So much so that in an article on Asian investment, Howe states up front:
“Why Asia? You may be reading or thinking you should allocate/diversify your listed equity
allocations according to global GDP or market capitalization or potential future growth of either. Wrong. To do so would mean you overweight Asia dramatically.”
Howe then builds a compelling case for not investing in Asia:
“The real problem with Asia is that its biggest, best-known markets suffer a 55%-80% ‘Papa Bear’ once every five years. Institutional investors will spend at least one year in five attending quarterly meetings explaining to boards how they could possibly have been so badly fooled and lost so much money with such a poor asset class choice. Asia is NOT about sleeping at night. It is hand-wringing at the bottom of the roller coaster and sometimes jumping off at that bottom.”
Not convinced? Howe provides the numbers, using five-year rolling returns for the past 20 years averaged to remove endpoint bias. They show investors in long-only U.S. equities enjoying average S&P 500 returns of 9.40% (and a Sharpe Ratio of 0.66) over the monitored period.
The three long-only MSCI indices, on the other hand, were “far inferior”: Asia (including Japan) generated an average CAGR of 4.17% (and a Sharpe Ratio of 0.33), while Asia ex-Japan produced an average CAGR of 6.40% (and a Sharpe Ratio of 0.37).
But just when the average reader is probably ready to drop all plans to invest in Asia and head for the hills, Howe reminds them that his analysis applies to a long-only equities approach to Asia. Take a hedged approach to the market, and it’s a different story: the Eurekahedge manager mean for Asia (including Japan) equity long/short shows a CAGR averaging 11.75% and a Sharpe Ratio of 0.92. “Most important,” says Howe in his article, “the worst drawdown was 32% in the 2007-9 financial crisis.”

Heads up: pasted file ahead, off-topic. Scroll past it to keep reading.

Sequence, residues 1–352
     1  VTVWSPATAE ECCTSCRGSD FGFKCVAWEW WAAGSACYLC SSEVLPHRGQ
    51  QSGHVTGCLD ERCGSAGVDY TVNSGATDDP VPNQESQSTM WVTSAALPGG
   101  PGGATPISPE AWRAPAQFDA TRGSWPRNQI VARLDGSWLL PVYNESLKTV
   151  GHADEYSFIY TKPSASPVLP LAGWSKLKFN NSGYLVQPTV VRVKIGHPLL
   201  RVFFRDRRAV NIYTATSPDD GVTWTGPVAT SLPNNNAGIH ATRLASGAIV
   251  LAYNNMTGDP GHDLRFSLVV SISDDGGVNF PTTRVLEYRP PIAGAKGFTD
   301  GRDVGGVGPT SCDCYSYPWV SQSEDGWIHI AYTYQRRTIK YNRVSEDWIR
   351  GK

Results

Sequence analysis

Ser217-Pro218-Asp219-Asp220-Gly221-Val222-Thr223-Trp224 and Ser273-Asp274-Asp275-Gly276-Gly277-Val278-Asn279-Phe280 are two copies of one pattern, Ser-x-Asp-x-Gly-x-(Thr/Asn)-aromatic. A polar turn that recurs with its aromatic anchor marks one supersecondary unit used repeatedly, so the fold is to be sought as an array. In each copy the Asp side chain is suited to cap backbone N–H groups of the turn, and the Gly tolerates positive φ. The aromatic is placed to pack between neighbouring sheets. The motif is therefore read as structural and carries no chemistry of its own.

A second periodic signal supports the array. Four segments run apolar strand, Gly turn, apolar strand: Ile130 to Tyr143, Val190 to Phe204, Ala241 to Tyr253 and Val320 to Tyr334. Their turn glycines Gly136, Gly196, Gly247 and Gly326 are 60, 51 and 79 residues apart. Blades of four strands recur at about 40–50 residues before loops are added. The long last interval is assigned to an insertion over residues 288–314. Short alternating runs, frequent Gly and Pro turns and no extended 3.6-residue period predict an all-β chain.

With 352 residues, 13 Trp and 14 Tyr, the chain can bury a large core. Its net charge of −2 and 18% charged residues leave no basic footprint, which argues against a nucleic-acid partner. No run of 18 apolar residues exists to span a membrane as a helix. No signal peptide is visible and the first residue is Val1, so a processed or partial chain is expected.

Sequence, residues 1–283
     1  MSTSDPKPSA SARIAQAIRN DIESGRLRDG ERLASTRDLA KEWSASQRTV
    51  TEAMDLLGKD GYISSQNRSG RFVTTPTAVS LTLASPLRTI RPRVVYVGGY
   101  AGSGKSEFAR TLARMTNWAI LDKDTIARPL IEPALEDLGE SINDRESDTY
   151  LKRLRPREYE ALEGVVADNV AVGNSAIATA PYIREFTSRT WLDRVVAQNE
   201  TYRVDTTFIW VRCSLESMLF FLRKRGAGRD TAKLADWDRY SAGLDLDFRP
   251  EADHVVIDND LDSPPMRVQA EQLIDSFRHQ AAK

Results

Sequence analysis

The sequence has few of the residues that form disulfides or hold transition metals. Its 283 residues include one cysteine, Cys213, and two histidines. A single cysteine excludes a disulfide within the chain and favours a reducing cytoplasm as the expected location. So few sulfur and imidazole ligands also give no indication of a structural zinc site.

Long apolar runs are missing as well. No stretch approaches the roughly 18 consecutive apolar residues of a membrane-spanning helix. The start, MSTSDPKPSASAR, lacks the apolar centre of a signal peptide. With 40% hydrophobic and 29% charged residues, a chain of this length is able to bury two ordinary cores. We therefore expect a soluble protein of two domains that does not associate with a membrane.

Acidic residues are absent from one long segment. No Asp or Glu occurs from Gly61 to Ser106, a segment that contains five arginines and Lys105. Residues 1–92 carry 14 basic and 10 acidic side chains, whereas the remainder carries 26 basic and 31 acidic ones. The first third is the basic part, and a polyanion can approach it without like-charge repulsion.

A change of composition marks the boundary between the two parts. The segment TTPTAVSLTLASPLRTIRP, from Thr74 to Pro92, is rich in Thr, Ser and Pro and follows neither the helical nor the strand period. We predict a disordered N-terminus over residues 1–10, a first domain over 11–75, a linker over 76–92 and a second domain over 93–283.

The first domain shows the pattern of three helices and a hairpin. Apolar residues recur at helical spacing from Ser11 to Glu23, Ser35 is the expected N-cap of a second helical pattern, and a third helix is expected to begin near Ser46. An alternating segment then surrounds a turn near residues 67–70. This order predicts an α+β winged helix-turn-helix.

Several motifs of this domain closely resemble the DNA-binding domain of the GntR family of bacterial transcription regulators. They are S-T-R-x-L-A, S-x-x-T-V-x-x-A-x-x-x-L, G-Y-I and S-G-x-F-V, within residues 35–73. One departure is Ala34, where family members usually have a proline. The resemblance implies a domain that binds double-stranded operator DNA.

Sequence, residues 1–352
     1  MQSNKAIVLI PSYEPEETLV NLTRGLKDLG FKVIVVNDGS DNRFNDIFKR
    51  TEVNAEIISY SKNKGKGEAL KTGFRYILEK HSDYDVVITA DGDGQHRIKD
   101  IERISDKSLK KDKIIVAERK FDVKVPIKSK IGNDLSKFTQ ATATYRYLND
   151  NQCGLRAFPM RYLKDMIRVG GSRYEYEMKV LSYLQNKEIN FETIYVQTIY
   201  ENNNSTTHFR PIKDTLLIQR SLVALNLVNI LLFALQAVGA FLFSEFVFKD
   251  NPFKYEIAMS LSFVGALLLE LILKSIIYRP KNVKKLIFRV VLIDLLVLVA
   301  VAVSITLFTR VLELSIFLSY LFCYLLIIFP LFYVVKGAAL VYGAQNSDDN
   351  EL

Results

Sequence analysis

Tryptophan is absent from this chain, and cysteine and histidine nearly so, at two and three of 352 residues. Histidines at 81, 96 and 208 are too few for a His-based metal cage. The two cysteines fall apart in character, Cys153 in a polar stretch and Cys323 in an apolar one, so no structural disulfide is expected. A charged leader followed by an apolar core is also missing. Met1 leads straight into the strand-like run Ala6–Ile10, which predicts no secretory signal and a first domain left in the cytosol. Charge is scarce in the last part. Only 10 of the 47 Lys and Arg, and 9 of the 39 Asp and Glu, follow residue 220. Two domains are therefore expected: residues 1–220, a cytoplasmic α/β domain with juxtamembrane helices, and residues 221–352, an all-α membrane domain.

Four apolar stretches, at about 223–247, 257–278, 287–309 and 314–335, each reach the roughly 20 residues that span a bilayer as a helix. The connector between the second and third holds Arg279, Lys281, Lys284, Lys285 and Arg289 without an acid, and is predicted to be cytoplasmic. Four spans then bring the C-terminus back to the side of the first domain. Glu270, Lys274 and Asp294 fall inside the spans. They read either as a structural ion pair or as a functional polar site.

Countries, Not Stocks
Howe’s discussion of investment in Asia takes place chiefly at the country level because, he says, in Asia, the country matters more than the individual stock. He says that’s true of all emerging markets, where stocks are “more exposed to macro factors like what’s going on with liquidity and… foreign flows, so if the foreigners are all flowing out of a market, it can have more impact. Whereas a big market like the U.S. is very deep, has its own domestic investor base, and you can almost always find something that’s going up in the U.S., even in a bear market, [laughs] unless it’s the fall of 2008.”